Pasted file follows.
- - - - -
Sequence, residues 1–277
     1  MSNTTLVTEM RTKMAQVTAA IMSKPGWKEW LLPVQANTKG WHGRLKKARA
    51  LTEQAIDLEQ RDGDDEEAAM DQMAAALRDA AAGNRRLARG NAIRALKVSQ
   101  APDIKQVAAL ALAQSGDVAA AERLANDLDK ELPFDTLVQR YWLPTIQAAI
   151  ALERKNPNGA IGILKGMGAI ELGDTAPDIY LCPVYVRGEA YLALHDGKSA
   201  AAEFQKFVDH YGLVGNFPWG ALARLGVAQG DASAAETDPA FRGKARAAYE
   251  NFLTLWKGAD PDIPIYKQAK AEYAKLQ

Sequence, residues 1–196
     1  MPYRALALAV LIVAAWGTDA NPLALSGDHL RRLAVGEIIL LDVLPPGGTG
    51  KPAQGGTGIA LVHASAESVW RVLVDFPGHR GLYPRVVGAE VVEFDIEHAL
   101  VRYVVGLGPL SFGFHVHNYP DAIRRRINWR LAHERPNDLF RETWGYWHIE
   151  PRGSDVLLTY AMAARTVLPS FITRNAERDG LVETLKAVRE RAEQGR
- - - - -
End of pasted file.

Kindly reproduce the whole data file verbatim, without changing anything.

Sequence, residues 1–277
     1  MSNTTLVTEM RTKMAQVTAA IMSKPGWKEW LLPVQANTKG WHGRLKKARA
    51  LTEQAIDLEQ RDGDDEEAAM DQMAAALRDA AAGNRRLARG NAIRALKVSQ
   101  APDIKQVAAL ALAQSGDVAA AERLANDLDK ELPFDTLVQR YWLPTIQAAI
   151  ALERKNPNGA IGILKGMGAI ELGDTAPDIY LCPVYVRGEA YLALHDGKSA
   201  AAEFQKFVDH YGLVGNFPWG ALARLGVAQG DASAAETDPA FRGKARAAYE
   251  NFLTLWKGAD PDIPIYKQAK AEYAKLQ

Sequence, residues 1–196
     1  MPYRALALAV LIVAAWGTDA NPLALSGDHL RRLAVGEIIL LDVLPPGGTG
    51  KPAQGGTGIA LVHASAESVW RVLVDFPGHR GLYPRVVGAE VVEFDIEHAL
   101  VRYVVGLGPL SFGFHVHNYP DAIRRRINWR LAHERPNDLF RETWGYWHIE
   151  PRGSDVLLTY AMAARTVLPS FITRNAERDG LVETLKAVRE RAEQGR